C.N.P Poetry 

  • Cathexis Northwest Press

In Nineteen Whatever

By: Greg Sendi


They are not lunatics, hypochondriacs, or frenetics; but they have a mixture of all these kinds of diseases, which, injuring their minds, cause them to become more ravenous than starving dogs, and make them so hungry for human flesh, that they fall on women and children, even on men, like actual werewolves, and devour them rapaciously.

Relations des Jésuites de la Nouvelle-France (1661)



In nineteen whatever my brothers and I

bought a derelict place built from PVC, pine logs,


some sheetrock and hollow core doors in a recluse

scrub maple stand deep in the Kingdom of Dum.


Look, don’t tell me it’s just how things roll in that part

of the mitten. I don’t mean homespun local color,


okay? I mean Odic rune dirtbags and methmouthed

faux-butternut shitjacks at every gas pump, and


degenerate bumblecunts armed like they work

for El Chapo streaming RPG vids from the woods,


and the warped and malignant ex-mayor of Fuckville

who wants (not to over-finesse the point)


camps.


Whenever it was, say the baby was one

so call it ninety-eight or I think, working back


from the November bonechill the first visit up

on that soupyellow night—there were turkeys out front,


plump with beechnuts and bugs, a whole rafter, so-called

for the roof timbers they would hang from as feast meat—


but now, listen, the point is not wildfowl or which

goddamned year, though, for probity’s sake, let’s just say,


ninety-nine?—since as fathomed the watchful Odawa,

who knew years are inconsequential except

to mark famine, and who bequeathed us who came after,

the cannibal Wendigo, bringer of civil

collapse—

and the end of the ways we could hold like to like,

before particleboard and shit plywood and all

the miasmic offgasing formaldehyde resins that

pickled what’s left of the upright bluewater

republic, whole hamlets and townships now loopy

and fuddled with kuru in humanflesh frenzies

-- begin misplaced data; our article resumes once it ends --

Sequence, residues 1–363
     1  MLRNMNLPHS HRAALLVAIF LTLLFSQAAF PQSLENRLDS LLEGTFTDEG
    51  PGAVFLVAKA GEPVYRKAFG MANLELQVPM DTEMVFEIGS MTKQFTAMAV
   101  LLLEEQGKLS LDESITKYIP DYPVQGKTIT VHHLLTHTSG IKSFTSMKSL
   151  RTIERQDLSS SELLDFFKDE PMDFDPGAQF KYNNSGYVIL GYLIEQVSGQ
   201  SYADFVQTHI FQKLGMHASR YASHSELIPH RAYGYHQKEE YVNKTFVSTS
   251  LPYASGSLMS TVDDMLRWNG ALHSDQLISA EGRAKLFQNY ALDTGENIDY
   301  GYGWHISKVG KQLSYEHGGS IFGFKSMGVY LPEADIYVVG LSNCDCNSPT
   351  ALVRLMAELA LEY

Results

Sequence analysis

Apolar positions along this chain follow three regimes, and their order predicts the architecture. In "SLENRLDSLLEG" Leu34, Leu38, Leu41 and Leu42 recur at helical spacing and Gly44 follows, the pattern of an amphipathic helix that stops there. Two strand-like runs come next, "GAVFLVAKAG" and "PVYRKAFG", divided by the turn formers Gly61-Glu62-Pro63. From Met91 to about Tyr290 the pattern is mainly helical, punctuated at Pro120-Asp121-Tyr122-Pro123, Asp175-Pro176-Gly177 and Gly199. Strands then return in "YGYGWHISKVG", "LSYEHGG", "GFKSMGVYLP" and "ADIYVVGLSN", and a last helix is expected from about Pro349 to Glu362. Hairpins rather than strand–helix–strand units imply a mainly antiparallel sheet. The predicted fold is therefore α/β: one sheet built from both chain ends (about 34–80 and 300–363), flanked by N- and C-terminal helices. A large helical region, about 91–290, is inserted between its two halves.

to signal starvations their broke-brained, dysphasic,

fat famisher-god says they suffer with him

for eternity. Listen, I’m not here to fuss

like some wobbly collegetown sniffy—forearms


are breaching the surface at Antrim and Skegmog.

The Rubicon loamsands aren’t holding the

corpse.





Greg Sendi is a Michigan native who lives in and writes from Chicago. His career has included broadcast and trade journalism as well as poetry, fiction and a tour as fiction editor at Chicago Review. In the past year, his work has appeared or been accepted for publication in a number of literary magazines, including Apricity, Beyond Words Literary Magazine, The Briar Cliff Review, Burningword Literary Journal, Clarion, CONSEQUENCE, Flashes of Brilliance, Great Lakes Review, The Headlight Review, The Masters Review, New American Legends, Plume, Pulp Literature, San Antonio Review, Sparks of Calliope, and upstreet.


"'In Nineteen Whatever' is a reflection on the extremism that has become common among some of the people and communities in northern lower Michigan, a part of the country I’m familiar with. It’s an angry piece, obviously and, maybe, in that way, unusual for a contemporary poem with “literary” ambitions. Civil anger used to be comfortably on the poetry leitmotif shortlist, right up there with sex, death, nature, fame and sadness but, at the moment, seems to be kind of off the radar. I settled on the four-footed anapestic/dactylic lines (like you’ll find in Dr. Seuss or “A Visit from St. Nicholas/’Twas the Night Before Christmas”) to move the piece forward at a kind of grisly whimsical gallop toward each section end—and hard into those abrupt un-whimsical thuds at “camps,” “collapse” and “corpse.” The poem is also about the fascinating and complex Wendigo legend shared by the original Odawa, Ojibwe and Potawatomi peoples of northern Michigan. In the legends, the Wendigo is a cannibal being, spirit or monster capable of possessing individuals during times of famine driving whole groups of people to a insatiable cannibalistic madness and hunger. The poem wonders about the connection between the ancient Wendigo madness described by the legends and the current transformations among the people who now live on those lands."